The Sellout

Paul Beatty

A biting satire about a young man's isolated upbringing and the race trial that sends him to the Supreme Court, Paul Beatty's The Sellout challenges the sacred tenets of the United States Constitution, urban life, the civil rights movement, and the father-son relationship. Winner of the 2016 Man Booker Prize for fiction.





Chimamanda Ngozi Adichie

Ifemelu and Obinze are young and in love when they depart military-ruled Nigeria for the West. Beautiful, self-assured Ifemelu heads for America, where despite her academic success, she is forced to grapple with what it means to be black for the first time. 


The Underground Railroad

Colson Whitehead

In Whitehead’s ingenious storytelling style, the Underground Railroad is not just metaphor, but an actual secret operational network of tracks and tunnels beneath ground. Throughout her journey toward freedom, protagonist Cora encounters different worlds at each stage a magical flight through time as well as space. Winner of both the Pulitzer Prize and the National Book Award.


Sing, Unburied, Sing

Jesmyn Ward

An intimate portrait of a family and an epic tale of hope and struggle, Sing, Unburied, Sing journeys through Mississippi’s past and present, examining the ugly truths at the heart of the American story and the power—and limitations—of family bonds. Winner of the 2017 National Book Award for Fiction.


Men We Reaped: A Memoir

Jesmyn Ward

Ward's memoir shines a light on the community she comes from, in the small town of DeLisle, Mississippi, a place of quiet beauty and fierce attachment. Here, in the space of four years, she lost five young men dear to her, including her beloved brother-lost to drugs, accidents, murder, and suicide. An indispensable memoir that points to problems with deep American roots.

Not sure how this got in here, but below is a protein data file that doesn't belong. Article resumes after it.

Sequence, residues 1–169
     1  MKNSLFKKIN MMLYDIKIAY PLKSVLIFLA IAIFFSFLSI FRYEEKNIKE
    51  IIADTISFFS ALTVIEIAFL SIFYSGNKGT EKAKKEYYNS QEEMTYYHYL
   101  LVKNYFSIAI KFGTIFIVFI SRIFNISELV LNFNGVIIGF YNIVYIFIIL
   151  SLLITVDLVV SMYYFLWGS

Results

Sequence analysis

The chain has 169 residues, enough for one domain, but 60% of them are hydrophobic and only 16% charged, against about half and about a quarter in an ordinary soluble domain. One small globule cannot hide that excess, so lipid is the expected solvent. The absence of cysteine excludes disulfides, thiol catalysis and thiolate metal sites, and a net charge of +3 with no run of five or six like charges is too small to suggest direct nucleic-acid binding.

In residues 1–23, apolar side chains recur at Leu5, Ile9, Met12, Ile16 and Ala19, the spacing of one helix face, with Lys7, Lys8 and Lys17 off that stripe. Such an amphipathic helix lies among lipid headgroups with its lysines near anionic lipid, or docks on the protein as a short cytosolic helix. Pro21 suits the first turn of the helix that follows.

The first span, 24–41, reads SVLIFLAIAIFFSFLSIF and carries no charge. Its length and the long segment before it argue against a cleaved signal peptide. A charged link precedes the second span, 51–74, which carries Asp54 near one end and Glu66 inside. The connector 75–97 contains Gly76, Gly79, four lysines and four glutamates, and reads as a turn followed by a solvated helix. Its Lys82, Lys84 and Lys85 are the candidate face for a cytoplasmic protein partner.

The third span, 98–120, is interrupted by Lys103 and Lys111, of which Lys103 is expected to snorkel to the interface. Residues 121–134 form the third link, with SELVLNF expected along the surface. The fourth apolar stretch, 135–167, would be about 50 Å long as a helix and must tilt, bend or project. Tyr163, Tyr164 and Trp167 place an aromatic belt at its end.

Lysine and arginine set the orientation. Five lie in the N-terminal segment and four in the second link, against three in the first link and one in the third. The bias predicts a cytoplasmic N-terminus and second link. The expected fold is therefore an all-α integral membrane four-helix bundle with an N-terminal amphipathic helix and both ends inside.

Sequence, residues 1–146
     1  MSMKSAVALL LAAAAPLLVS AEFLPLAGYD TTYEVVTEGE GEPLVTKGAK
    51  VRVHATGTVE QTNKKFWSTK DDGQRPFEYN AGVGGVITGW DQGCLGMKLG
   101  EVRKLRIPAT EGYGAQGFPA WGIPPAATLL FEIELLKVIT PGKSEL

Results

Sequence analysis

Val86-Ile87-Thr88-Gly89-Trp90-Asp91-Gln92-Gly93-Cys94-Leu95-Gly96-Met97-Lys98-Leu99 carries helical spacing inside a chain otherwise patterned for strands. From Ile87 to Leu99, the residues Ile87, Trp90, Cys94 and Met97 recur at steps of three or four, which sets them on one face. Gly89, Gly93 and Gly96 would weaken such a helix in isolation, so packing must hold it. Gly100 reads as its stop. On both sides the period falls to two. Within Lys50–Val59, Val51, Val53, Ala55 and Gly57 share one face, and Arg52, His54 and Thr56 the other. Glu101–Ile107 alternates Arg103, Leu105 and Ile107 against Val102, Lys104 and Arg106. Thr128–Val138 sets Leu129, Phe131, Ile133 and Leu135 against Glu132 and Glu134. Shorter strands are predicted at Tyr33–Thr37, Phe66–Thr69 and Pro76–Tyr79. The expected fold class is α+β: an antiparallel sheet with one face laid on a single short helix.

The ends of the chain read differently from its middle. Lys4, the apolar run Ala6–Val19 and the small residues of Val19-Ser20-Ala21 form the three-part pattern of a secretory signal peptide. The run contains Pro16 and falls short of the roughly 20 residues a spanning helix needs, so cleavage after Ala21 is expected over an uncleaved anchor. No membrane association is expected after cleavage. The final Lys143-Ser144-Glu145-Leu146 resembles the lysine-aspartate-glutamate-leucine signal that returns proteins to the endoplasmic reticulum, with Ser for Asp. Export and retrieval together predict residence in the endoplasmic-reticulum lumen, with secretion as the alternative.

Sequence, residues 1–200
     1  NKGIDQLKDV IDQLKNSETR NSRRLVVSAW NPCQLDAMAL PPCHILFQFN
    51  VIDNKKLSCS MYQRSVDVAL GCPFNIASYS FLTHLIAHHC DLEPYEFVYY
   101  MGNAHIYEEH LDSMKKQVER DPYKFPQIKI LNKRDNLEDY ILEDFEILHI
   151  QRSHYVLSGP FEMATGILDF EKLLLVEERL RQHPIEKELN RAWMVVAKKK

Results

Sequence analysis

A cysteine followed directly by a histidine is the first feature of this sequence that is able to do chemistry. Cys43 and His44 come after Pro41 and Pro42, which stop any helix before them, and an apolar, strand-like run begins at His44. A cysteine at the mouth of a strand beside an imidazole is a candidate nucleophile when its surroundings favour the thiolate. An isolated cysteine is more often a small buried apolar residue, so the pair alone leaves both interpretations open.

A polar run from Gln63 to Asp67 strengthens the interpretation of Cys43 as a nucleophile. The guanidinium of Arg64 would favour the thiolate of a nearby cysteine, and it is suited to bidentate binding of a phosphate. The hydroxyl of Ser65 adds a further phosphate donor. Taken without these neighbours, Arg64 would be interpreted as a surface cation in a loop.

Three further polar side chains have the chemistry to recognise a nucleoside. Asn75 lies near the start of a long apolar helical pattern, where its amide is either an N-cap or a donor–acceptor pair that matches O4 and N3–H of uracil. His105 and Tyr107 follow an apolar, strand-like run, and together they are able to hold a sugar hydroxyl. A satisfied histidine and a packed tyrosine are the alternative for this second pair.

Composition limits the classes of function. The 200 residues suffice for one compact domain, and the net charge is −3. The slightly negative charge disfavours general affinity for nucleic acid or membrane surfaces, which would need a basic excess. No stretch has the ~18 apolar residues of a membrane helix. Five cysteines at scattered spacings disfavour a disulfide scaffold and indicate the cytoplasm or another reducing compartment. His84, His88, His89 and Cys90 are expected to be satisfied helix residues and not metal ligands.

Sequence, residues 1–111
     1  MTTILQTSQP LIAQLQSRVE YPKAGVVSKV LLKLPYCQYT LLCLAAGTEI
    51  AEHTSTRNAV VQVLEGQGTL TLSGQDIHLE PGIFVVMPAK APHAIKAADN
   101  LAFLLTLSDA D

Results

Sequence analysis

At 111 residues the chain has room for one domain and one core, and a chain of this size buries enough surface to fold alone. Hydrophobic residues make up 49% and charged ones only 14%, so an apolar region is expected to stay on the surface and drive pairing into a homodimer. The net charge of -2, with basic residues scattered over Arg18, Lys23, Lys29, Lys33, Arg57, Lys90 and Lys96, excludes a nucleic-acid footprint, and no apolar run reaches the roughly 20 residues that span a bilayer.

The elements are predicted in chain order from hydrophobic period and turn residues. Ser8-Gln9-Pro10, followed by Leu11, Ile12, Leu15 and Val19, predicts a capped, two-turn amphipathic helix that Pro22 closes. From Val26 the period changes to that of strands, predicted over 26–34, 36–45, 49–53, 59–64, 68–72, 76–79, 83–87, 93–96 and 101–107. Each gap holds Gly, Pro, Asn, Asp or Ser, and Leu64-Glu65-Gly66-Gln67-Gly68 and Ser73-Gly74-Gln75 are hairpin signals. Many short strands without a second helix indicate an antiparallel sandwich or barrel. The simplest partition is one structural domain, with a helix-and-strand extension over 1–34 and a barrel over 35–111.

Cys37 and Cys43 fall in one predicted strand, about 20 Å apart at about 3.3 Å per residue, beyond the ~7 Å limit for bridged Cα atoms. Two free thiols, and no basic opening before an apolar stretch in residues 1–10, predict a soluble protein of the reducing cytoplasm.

Between the World and Me

Ta-Nehisi Coates

A profound work that pivots from the biggest questions about American history and ideals to the most intimate concerns of a father for his son, Ta-Nehisi Coates offers a powerful new framework for understanding our nation’s history and current crisis. Winner of the 2015 National Book Award for Nonfiction.





Yaa Gyasi

Homegoing follows the parallel paths of two Ghanian sisters--each born into different villages, each unaware of the other--and the very different lives that unfold for them and the descendants of each through eight generations: from the Gold Coast to the plantations of Mississippi, from the American Civil War to Jazz Age Harlem. 


Just Mercy

Bryan Stevenson

A powerful true story about the potential for mercy to redeem us, and a sharp call to fix our broken system of justice—from lawyer and activist Bryan Stevenson, founder of the Equal Justice Initiative, a legal practice dedicated to defending those most desperate and in need: the poor, the wrongly condemned, and women and children trapped in the farthest reaches of our criminal justice system.